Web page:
Philip Lomax. He’s a crooner! He wears his fedora cocked to the side! He reminds me of when, at the height of the nineties swing revival, I tried to take my parents to see some swing dancers by the fountain in Central Park and they declined by saying, “In our day, only the really corny people did swing dancing.” Which is true to this day! He does “Don’t Stop the Music,” which is brave not only because Rihanna is right there, but because we all know Charo did the definitive version. It’s his least irritating performance to date.
For sure, the best voice in this competition belongs to Elaine Gibbs. But she doesn’t constantly weepily remind you that she wants to win, so I fear we’ll be losing her soon. Play the game, Elaine!
Caitlin Koch is performing right now, and I’m already forgetting it. She’s one of those Feist types who always make me think I have the volume too low. Top five, minimum.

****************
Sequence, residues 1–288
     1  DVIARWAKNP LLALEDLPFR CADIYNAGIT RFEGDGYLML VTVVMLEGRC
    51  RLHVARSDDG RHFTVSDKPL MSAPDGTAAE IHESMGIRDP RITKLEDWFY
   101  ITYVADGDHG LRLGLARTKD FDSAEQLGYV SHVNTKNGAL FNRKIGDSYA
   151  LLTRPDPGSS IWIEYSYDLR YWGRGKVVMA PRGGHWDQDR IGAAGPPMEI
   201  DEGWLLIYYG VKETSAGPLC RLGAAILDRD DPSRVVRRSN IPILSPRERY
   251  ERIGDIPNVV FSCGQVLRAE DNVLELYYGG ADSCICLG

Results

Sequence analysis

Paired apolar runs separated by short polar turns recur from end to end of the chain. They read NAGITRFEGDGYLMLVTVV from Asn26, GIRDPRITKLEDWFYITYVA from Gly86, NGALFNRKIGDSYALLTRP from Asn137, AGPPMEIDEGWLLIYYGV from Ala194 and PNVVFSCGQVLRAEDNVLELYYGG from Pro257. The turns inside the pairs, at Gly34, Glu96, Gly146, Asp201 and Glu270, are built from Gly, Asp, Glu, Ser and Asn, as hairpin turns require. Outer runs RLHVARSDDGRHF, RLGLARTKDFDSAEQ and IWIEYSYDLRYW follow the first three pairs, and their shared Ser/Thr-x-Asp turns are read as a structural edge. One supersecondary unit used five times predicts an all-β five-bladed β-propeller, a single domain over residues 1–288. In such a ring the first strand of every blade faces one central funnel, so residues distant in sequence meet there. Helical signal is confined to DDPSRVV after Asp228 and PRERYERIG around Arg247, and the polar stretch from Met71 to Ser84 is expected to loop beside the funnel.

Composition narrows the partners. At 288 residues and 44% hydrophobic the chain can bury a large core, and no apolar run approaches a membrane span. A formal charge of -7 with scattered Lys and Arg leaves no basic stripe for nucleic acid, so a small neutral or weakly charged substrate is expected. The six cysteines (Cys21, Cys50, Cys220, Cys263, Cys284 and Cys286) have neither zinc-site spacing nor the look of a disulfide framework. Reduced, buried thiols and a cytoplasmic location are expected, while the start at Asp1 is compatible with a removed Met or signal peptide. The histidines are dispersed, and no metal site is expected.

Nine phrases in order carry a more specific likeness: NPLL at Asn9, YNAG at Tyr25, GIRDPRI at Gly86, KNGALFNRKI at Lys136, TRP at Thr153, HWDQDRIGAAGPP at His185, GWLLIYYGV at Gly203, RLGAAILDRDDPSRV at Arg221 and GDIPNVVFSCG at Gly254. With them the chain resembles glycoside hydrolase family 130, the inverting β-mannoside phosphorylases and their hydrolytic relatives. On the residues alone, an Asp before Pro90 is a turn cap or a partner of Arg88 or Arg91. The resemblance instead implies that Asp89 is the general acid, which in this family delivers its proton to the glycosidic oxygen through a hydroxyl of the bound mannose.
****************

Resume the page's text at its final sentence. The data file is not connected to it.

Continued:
Nick Voss is still carving lines in his temples and eyebrows, and trying so hard to be vocally tricky that he just sounds like he’s having a fit. I’m sure he’s nice.
4 Shore does Brownstone’s “If You Love Me,” and it’s my favorite performance of the night! This comes with a cash prize of $25. Congratulations, 4 Shore.
I have just decided that I’m rooting for James Kenney. Lovely voice! Is tired of waiting tables! Reminds me so much of the Arby’s Good Mood Food guy that I am actually smelling roast beef! Team James!
And finally, Drew Ryniewicz does her specialty, which is slightly spooky versions of pop songs. I kind of wish she’d have waited to audition until she outgrew this phase, but we don’t always get what we want. Like another rain delay in Detroit, for example.
Sunday night, the other sixteen perform! And then we will eventually get to the thing where it’s live shows on a stage, which sounds like absolute heaven! See you then.